Stroke induction in immunologically competent mice not only produces local ischemia and brain damage, but also induces early inflammatory changes in brain and peripheral immune responses. Although immune elements clearly are activated after brain vascular occlusion, the relative contribution of T and B lymphocytes to the developing lesion has not been quantified. We evaluated effects 22 h after middle cerebral artery occlusion (90 mins) on histologic injury and peripheral immune activation in severe combined immunodeficient (SCID) mice lacking T and B cells. Cortical and total infarct volumes were strikingly reduced in male SCID mice (n=14, 33±4% of contralateral cortex, n=10, 52±3% of contralateral hemisphere) versus immunologically intact C57BL/6 mice (wild type, n=9, 57±5% of contralateral cortex, 57±4% of contralateral hemisphere) (P<0.01). Striatal infarction was not altered (77±7% of contralateral striatum in SCID, 84±7% in wild type), suggesting that the core of the evolving ischemic lesion was not impacted by lack of T and B cells. As expected, inflammatory factors from immune cells in ischemic SCID brains were essentially absent, with the exception of interleukin-1β increase in both SCID and wild type tissue. Spleen cell numbers were low in SCID mice, but were further reduced 22 h after stroke, with substantial reduction in most inflammatory factors except for increased expression of interferon-γ and macrophage inflammatory protein (MIP)-2. These data quantify the damaging effect of T and B lymphocytes on early, evolving ischemic brain injury, and further implicate interleukin-1β in brain and interferon-γ and MIP-2 in spleen as inflammatory factors produced by cells other than T and B cells.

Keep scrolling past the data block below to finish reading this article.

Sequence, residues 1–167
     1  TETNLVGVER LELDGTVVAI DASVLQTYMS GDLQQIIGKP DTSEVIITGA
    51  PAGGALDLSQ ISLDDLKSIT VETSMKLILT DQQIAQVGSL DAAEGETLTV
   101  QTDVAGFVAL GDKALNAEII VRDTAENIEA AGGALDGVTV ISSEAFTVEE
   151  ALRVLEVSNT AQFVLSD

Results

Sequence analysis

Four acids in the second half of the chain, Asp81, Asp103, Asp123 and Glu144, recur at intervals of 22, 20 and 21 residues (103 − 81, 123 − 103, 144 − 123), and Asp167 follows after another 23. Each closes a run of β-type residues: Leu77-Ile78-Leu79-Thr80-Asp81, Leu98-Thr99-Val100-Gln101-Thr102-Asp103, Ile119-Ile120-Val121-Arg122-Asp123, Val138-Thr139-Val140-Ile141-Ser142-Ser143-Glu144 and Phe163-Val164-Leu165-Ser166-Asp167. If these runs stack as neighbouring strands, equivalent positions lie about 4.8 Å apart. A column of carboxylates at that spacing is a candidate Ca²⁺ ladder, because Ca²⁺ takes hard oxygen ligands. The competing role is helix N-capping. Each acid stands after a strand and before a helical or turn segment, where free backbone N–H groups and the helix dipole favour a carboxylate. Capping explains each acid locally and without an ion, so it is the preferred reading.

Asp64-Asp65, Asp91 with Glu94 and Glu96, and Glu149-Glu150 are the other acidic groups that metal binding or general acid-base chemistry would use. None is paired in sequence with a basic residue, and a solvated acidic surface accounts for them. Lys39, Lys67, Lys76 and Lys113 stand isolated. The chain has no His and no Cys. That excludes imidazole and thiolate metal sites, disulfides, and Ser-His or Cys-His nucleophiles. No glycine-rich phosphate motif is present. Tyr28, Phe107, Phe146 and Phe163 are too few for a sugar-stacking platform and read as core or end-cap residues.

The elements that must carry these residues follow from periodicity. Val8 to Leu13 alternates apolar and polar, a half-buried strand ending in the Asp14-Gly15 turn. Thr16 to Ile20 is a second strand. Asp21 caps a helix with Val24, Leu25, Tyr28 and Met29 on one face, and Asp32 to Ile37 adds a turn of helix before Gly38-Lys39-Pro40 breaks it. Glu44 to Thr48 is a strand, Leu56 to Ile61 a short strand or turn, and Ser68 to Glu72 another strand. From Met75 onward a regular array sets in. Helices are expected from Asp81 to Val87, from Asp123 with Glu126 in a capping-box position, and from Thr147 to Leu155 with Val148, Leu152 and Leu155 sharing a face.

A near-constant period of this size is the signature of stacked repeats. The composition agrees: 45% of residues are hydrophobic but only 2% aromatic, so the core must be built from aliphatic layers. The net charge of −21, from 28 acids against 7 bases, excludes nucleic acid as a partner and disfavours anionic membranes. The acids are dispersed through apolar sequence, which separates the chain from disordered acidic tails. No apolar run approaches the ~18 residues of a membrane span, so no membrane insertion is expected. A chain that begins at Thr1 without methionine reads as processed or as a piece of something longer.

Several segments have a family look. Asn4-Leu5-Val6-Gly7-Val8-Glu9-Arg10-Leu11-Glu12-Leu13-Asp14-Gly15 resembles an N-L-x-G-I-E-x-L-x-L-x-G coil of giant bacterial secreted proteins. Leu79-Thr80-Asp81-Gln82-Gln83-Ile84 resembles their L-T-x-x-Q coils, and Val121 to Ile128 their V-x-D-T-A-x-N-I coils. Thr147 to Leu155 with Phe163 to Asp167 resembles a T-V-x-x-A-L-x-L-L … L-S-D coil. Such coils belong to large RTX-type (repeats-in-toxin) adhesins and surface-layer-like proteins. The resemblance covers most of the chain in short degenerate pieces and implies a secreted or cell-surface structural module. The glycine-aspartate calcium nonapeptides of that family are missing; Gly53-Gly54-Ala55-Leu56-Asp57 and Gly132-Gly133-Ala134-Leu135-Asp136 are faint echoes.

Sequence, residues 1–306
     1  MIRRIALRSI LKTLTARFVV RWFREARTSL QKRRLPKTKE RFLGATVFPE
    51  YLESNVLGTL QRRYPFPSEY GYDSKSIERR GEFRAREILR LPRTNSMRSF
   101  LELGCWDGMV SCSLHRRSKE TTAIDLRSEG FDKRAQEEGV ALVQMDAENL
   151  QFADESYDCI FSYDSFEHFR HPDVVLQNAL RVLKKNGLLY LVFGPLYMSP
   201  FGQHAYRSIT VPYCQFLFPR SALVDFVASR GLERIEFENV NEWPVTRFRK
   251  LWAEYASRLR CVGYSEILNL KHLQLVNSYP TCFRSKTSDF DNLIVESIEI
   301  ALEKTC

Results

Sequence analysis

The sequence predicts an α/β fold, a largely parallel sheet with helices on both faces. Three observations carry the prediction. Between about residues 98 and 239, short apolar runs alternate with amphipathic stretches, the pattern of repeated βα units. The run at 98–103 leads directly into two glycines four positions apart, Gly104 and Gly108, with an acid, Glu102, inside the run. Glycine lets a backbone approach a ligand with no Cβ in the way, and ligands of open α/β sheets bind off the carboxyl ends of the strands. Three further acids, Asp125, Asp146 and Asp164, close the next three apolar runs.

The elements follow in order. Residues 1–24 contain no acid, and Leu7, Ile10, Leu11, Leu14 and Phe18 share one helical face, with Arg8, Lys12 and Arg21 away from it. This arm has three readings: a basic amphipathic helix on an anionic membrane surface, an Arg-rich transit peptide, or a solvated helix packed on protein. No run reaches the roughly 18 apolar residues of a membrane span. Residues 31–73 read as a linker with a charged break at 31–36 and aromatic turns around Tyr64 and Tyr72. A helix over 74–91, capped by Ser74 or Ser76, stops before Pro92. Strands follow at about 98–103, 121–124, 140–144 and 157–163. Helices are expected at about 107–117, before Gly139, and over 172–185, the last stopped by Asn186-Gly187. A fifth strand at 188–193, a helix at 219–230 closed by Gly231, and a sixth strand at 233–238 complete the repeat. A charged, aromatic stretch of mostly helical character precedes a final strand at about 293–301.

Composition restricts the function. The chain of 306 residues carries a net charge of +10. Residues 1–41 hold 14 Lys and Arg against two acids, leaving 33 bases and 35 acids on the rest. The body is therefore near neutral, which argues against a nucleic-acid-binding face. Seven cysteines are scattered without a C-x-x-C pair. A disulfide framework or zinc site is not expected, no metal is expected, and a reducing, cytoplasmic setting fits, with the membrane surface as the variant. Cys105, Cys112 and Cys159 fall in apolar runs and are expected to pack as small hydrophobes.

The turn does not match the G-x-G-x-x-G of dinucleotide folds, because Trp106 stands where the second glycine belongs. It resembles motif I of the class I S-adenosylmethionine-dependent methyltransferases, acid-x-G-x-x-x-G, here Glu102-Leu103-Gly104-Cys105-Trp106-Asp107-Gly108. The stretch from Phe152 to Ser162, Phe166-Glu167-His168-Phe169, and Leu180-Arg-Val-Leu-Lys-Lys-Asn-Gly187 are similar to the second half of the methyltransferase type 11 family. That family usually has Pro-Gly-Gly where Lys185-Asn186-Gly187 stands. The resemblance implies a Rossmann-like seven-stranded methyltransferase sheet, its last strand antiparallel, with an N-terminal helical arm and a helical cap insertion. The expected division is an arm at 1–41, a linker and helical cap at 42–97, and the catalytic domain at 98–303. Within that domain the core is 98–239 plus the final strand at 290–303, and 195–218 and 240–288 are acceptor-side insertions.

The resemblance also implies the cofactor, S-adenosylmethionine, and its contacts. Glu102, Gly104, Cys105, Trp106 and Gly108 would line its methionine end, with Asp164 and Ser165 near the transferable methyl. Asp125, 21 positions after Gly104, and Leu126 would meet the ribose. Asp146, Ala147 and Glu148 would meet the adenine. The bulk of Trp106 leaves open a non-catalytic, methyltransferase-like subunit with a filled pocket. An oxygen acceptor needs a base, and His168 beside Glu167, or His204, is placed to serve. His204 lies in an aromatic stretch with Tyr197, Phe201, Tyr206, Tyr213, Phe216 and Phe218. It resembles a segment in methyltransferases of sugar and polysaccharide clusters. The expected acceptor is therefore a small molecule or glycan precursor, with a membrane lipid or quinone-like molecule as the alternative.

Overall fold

- Cerebral ischemia
- T/B-deficient mice
ASJC Scopus subject areas
- Clinical Neurology
- Cardiology and Cardiovascular Medicine